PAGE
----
It was an early start for breakfast in the hotel in Almaty, ahead of a long nine hour drive to our guest house in Karakol in Kyrgyzstan.
The drive was a bumpy one, where there were roads they were littered with pot-holes but for the most part in was dirt tracks. We stopped every two hours for the toilet and/ or photos but the Kazakh country side is relatively bleak and barren.
Our first scenic stop was at Charyn Canyon, where we descended down into the valley and followed a dusty winding path down to a camp. The topography and geology resembled that in Utah and Arizona – a mini Grand Canyon with hoodos and stunning rock formations on all sides, which provided a kaleidoscope of colours.
After a two mile hike to the bottom of the Canyon we reached a small eco camp with a couple of tents and Yurts. The camp was built on a horseshoe river bend, with a fast flowing mint green river looping around.
While others enjoyed lunch, I sent LARS up to survey, first taking photos from the middle of the river before rising to 500m and taking photos back up the Canyon and overhead shots of the bends.
If the hike down had felt like hard work, the one back left most people exhausted. After a wait for the stragglers we climbed back on board the minibuses and headed for the Kyrgyzstan border.
The border crossing was a friendly and reasonably efficient affair – the guards seemed to buck the global trend of stern faced officials and instead seemed fascinated by our multi-cultural group and were full of questions.
On the Kyrgyzstan side, the red flag, with yellow emblem, representing the pinnacle of a yurt (a traditional roundhouse) flew over the small wooden hut. It took just over an hour for the seventeen of us to get our passports stamped out and in, but we were soon underway.
Within minutes of the border the landscape had changed from dust and low scrub to the yellow fields of fertile farm land. There is no real change in the topography, but a remarkable change in the landscape, as though the Kyrgyzs are a farming nation while the Kazakhs rely on oil wealth. Some 90% of Kyrgyzstan is mountainous – with the economy mainly reliant on agriculture but with a growing tourism industry.
Kyrg we were told means ‘the forty tribes’ so Kyrgyzstan is the ‘land of the forty tribes. It is poorer and less developed than its larger neighbour with a population of 8 million, with the capital and largest city being Bishkek with 800,000 people.
Apart from a brief stop at a bee keepers so the driver could buy some honey, we breezed through Kyrgyz countryside – passed local cowboys heading their cattle and sheep along dusty roads.
Eventually we arrived at dark at our hotel in Karakol the third largest city in the country. Kyrgyz food, like that in Almaty was full of carbs, meat and sweets – after dinner I headed to bed a stone heavier.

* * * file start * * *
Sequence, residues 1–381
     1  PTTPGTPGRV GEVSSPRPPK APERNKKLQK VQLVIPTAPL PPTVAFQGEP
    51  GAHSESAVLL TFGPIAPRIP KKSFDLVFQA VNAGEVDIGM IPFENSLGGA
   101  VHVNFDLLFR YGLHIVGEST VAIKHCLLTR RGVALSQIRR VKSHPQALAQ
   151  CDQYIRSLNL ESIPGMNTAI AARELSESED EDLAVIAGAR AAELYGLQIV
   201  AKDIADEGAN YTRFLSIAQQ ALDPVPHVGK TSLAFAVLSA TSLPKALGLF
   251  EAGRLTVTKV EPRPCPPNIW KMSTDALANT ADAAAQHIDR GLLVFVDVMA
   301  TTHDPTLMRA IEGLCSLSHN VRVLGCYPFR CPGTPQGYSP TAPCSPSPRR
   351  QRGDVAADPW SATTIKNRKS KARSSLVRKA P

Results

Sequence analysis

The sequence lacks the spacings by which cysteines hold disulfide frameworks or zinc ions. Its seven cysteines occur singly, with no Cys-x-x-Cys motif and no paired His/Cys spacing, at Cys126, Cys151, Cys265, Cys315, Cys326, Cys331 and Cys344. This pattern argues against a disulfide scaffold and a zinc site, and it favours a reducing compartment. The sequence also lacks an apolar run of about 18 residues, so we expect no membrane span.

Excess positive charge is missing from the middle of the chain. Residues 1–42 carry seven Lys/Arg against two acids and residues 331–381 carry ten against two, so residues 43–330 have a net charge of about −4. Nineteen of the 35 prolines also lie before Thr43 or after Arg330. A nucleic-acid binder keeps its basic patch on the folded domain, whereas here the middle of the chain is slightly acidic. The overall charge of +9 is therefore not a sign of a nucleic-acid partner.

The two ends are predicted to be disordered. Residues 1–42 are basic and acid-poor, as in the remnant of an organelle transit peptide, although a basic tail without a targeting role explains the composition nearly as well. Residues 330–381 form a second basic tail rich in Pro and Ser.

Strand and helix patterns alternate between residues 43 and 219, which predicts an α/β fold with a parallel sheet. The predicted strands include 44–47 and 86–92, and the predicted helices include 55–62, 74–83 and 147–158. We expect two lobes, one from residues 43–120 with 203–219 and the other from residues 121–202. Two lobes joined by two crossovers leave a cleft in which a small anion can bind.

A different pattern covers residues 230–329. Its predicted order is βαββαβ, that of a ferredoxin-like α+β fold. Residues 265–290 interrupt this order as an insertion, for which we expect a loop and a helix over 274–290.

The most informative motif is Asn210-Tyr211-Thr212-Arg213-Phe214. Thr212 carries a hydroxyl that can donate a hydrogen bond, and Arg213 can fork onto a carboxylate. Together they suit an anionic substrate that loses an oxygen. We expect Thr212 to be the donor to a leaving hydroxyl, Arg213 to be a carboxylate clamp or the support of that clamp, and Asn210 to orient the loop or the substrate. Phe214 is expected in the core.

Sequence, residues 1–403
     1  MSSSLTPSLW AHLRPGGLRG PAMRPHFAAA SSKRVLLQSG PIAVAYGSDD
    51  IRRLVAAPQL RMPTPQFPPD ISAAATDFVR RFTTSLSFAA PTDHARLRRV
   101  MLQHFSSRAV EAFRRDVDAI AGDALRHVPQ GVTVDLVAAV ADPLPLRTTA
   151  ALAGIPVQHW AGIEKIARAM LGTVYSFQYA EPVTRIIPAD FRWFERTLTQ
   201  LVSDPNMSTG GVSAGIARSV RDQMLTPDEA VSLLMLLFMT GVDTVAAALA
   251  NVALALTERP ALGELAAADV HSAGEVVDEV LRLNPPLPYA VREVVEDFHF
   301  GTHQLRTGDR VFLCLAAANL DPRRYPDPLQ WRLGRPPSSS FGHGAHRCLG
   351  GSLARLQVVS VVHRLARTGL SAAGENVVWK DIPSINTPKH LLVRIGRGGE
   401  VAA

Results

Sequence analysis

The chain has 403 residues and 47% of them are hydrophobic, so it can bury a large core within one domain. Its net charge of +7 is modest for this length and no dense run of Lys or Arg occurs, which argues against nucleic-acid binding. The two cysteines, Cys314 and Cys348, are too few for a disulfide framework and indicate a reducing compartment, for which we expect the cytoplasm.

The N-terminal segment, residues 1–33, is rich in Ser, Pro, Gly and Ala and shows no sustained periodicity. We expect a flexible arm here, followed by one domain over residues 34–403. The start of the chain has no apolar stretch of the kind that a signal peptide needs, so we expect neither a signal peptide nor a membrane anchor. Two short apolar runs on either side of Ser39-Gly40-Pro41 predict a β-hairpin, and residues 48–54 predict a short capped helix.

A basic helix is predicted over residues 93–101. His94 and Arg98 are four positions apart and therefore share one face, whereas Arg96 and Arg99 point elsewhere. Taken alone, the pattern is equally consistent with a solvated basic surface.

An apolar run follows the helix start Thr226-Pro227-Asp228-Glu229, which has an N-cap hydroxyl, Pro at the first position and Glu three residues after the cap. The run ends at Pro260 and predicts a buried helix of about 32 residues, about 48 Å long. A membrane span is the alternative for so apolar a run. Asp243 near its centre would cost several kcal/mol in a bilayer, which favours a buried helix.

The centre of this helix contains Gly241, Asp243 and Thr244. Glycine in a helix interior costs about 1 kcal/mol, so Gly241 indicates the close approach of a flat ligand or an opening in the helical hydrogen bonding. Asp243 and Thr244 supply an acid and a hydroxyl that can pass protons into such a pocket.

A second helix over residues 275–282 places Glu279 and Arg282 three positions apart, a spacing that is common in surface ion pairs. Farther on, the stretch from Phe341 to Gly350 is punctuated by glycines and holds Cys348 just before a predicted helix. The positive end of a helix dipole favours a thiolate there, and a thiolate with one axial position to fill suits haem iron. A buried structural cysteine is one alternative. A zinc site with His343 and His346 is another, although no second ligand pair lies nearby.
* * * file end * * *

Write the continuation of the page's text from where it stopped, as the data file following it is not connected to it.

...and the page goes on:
Our first stop the next morning was the Przhevalsky Museum, dedicated to one of Russia’s most famous geographers and explorers who mapped much of the region. The quaint museum was packed full of relics and documents – further down the Grand gardens was przhevalsky’s gravestone and a monument.
As we drove out further into the countryside the landscape changed once again, steep mountains rose from the slopes of Issy-Kul Lake, the second largest mountain lake in the world after Titicaca and the tenth largest overall.
On the lakes shore grew bright coloured orchards with red and yellow leaves, while just a hundred yards up the mountain were barren sandy slopes. On top of one tall peak sat the carved figure of Manas, a popular literary and musical figure in local folklore.
We pulled off the road and down a small driveway that lead to a deserted beach. The sand was a light pinky colour, while the rocky waters were an exotic turquoise blue for around 100m out into the lake before turning a dark cold blue.
While one member of our group opted to swim in the 14c water, the rest enjoyed lunch and I sent LARS out to explore and get photos of the Manas and a nearby abandoned building complex. I hadn’t counted on it being windy and over 4km to the figure – meaning I was running on empty with warnings flashing as I brought him back in to land.
From the pink beach we headed to a local small business who make yurts – a traditional roundhouse made of a wooden frame and wrapped in several layers of felt. The whole process of assembly can apparently be done in just fifteen minutes to complete a yurt that sleeps up to eight people – our efforts took significantly longer.
We again hit the road, stopping only briefly at a roadside toilet that overlooked a stunning mountain lake – a pee with a view.
With sunlight fading it was on to our guest house where for the first time I had to share a room with two other travellers…it would be an awful nights sleep.